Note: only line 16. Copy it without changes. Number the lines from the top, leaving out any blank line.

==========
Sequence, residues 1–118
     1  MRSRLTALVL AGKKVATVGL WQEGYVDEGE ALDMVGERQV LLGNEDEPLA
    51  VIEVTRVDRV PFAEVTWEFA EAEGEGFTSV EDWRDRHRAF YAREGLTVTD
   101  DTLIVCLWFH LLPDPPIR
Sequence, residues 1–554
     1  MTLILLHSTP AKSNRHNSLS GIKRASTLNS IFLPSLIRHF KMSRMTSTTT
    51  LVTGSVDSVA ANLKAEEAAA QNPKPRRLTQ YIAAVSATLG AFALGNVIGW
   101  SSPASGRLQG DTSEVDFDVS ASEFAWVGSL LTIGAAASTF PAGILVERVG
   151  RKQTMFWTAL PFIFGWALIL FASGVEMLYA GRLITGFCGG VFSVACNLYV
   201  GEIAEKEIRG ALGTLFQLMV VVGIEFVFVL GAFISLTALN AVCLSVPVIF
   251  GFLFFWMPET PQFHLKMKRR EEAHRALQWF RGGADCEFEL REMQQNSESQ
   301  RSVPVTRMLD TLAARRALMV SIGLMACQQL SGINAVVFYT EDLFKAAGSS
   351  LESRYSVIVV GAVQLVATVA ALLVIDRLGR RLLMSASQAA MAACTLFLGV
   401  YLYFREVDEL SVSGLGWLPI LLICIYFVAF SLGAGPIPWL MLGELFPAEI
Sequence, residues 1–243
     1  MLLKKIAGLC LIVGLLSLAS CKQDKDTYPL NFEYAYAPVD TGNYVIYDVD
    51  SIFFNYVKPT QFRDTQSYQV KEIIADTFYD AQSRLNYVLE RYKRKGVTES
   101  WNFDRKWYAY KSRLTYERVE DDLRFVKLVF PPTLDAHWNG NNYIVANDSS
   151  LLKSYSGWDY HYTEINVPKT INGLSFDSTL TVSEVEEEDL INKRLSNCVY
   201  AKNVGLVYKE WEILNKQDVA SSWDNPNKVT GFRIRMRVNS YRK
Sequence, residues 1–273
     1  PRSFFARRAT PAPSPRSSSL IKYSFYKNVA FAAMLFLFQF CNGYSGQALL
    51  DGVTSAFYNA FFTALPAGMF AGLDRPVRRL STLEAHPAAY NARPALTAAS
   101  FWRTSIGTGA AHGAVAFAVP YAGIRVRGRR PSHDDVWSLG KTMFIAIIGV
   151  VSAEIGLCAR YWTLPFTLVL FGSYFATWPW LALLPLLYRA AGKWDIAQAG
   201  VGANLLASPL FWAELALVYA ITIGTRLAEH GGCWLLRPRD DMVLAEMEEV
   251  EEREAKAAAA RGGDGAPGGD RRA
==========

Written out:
     1  MLLKKIAGLC LIVGLLSLAS CKQDKDTYPL NFEYAYAPVD TGNYVIYDVD